5 Principles of Ductwork Design That Affect Efficiency and Comfort
You depend on efficient cooling and heating to keep your Savannah home comfortable and your energy bills within reason. A/C and furnace upgrades help enhance comfort with smooth airflow, and they can boost efficiency by up to 50 percent compared to older models. But have you considered your home’s ducts? The following ductwork design principles are prerequisites that improve both home energy performance and comfort.
The HVAC industry’s best practices for ductwork design were developed by the Air Conditioning Contractors of America (ACCA). The organization’s Manual D guidelines meticulously outline how to design and install ducts to maximize efficiency and balance airflow. Ductwork design elements include location, sizing, supply and return airflow, and more.
Unfortunately, not all duct installers follow ACCA’s guidelines. For example, some installers size ductwork solely by a home’s square footage. Many older homes use cavities in walls and other areas to convey cooled and heated airflow. These practices are unacceptable in today’s building science.
Approved Duct Materials
Ductwork must be fabricated from approved and permanent materials. Sheet metal ducts are most widely used; they’re lightweight and simple to manipulate or fabricate on site. Fiberglass flexible ducts have gained popularity in recent years. Flex ducts offer the advantage of easy maneuverability for soft turns to minimize airflow restrictions. Flex ducts are also insulated, which allows them to be installed in unconditioned spaces with little heat gain/loss.
However, metal ducts offer lower static pressure, which reduces blower motor wear. Metal ducts installed outside the insulation barrier must be insulated. Metal ducts are also available fabricated with insulation between sheet metal panels.
Best Ductwork Location
Attics, crawl spaces and basements can reach extreme temperatures in the height of summer and winter. Even with insulation, ductwork is susceptible to heat gain and loss issues. This means rooms located farther from the A/C and furnace won’t receive adequately cooled and heated airflow. It also means you’re paying to cooling and heating dollars are being spent in the attic and basement.
To prevent heat gain/loss, locate ductwork inside the home’s insulation barrier. This is more easily accomplished in new home construction; however, you may also install sealed chases or utilize raised floors and drop ceilings when available. Ducts still need to be sealed tight, but lowering the temperature differences between ducted airflow and the surrounding air reduces heat gain/loss by conduction.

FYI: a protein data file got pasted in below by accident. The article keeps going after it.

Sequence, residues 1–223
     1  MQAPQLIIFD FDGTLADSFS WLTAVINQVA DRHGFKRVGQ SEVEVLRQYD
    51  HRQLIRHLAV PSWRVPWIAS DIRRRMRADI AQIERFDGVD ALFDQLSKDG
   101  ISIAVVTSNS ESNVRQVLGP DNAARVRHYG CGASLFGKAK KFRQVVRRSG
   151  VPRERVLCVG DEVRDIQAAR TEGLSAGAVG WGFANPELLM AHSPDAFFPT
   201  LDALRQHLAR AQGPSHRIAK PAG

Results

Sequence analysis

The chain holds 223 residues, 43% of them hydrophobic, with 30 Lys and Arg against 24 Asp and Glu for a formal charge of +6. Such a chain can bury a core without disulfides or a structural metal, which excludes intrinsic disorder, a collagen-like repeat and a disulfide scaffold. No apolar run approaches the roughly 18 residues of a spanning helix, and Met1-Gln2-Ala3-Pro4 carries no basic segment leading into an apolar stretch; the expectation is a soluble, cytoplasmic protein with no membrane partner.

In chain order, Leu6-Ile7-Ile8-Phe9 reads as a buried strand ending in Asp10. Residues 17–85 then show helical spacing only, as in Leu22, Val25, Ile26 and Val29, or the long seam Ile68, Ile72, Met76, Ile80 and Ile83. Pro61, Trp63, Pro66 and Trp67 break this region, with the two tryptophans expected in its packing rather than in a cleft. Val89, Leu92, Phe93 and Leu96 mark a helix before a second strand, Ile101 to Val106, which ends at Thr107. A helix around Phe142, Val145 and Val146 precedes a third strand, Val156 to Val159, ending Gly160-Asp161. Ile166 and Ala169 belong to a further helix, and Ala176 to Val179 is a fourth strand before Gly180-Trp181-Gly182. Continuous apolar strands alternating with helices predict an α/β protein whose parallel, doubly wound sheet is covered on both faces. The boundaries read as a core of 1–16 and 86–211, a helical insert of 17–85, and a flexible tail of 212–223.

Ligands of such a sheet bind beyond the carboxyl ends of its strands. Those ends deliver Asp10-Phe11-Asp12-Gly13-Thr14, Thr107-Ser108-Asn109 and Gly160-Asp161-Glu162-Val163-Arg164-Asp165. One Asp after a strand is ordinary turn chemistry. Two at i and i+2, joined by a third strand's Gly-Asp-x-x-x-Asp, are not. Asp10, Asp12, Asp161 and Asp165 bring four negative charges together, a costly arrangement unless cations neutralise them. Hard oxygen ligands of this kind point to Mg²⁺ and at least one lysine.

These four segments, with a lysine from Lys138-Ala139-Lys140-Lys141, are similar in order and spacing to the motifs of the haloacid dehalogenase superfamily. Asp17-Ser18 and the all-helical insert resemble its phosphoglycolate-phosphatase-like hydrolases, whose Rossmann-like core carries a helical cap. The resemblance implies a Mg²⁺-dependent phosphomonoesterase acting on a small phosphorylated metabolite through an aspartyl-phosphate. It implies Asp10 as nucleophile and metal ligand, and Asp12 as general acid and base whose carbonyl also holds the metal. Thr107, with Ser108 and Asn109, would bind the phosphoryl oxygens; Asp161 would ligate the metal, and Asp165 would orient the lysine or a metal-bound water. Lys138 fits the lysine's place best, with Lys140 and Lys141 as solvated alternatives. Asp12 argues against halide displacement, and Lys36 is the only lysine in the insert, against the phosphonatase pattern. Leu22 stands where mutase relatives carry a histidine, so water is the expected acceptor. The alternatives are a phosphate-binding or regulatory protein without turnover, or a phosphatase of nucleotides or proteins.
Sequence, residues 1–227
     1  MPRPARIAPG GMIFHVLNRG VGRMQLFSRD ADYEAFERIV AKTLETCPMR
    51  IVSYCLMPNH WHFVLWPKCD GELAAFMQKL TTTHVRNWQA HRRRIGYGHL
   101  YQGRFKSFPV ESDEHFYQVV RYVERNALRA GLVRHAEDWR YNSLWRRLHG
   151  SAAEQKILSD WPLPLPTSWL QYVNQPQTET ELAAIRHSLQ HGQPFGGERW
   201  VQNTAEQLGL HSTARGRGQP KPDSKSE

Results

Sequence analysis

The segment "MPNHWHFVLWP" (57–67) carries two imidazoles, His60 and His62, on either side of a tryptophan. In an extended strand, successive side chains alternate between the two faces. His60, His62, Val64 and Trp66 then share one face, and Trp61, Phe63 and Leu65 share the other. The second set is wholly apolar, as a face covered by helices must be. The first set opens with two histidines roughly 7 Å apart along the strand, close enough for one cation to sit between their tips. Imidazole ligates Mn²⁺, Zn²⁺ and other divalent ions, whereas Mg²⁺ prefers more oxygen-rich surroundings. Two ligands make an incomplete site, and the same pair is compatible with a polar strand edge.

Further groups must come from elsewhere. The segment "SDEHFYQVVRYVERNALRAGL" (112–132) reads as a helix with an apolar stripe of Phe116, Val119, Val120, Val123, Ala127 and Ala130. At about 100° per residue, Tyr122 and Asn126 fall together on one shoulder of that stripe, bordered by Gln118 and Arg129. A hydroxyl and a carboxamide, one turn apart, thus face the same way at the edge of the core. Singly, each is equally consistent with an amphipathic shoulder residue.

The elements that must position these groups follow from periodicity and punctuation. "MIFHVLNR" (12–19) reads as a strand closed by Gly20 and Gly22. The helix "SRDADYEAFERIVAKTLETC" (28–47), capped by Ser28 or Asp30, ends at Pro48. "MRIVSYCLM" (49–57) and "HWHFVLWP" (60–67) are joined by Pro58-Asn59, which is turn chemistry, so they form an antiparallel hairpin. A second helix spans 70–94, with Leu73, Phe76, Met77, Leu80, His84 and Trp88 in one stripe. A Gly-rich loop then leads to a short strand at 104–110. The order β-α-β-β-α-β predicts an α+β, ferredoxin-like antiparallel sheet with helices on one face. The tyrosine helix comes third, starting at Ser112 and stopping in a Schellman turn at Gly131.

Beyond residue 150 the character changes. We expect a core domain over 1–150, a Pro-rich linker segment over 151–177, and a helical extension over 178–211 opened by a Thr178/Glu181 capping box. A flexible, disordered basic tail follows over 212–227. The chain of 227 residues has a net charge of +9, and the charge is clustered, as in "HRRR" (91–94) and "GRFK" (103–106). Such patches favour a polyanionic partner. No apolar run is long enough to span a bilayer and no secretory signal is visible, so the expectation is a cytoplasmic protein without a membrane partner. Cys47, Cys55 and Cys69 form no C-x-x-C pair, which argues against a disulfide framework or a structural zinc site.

Equal Supply and Return Airflow
You’re unlikely to enjoy low energy bills and maximum comfort if your home’s air supply and air return aren’t balanced. Unbalanced air pressure promotes air infiltration, poor comfort and higher energy bills. Supply ducts that are too small are going to make a lot of noise. If return ducts are undersized, a substantial pressure drop is created across the blower, which can bring it to a grinding halt in a short amount of time.
Make sure your HVAC pro follows these principles for designing supply and return ducts for the best results:
- Install a return grille in each room with a supply register.
- When an equal number of return grilles to registers aren’t feasible, each level of living space should have at least one return grille.
- Closed doors are airflow obstructions. Anticipate obstructions to these rooms with jumper ducts and transfer grilles, which ensure privacy and promote free airflow.
An HVAC pro can fine tune your home’s air supply by installing manual duct dampers at the trunk and branch connections. Installing duct dampers at this location prevents airflow backup and obstruction in the ducts.
For ultimate efficiency, comfort and convenience, ask your HVAC tech about zoned temperature control. Zoning systems use motorized duct dampers to automatically restrict or permit airflow to each zone depending on your thermostat settings. Each zone has its own thermostat, which may be programmed at a central panel for total indoor temperature control in each area around the clock.
Tight sealing can save as much as 20 percent of cooling and heating costs in the average home, according to Energy Star. Metal duct materials should be sealed with sheet metal screws, mastic paste and heat-resistant metal tape. Appropriate collars and straps may be used for portions of flex ducts, if installed. The plenum and trunk — the largest connection — should have an expansion collar to mitigate duct noise. Ductwork should be tested to confirm sealing before final approval.
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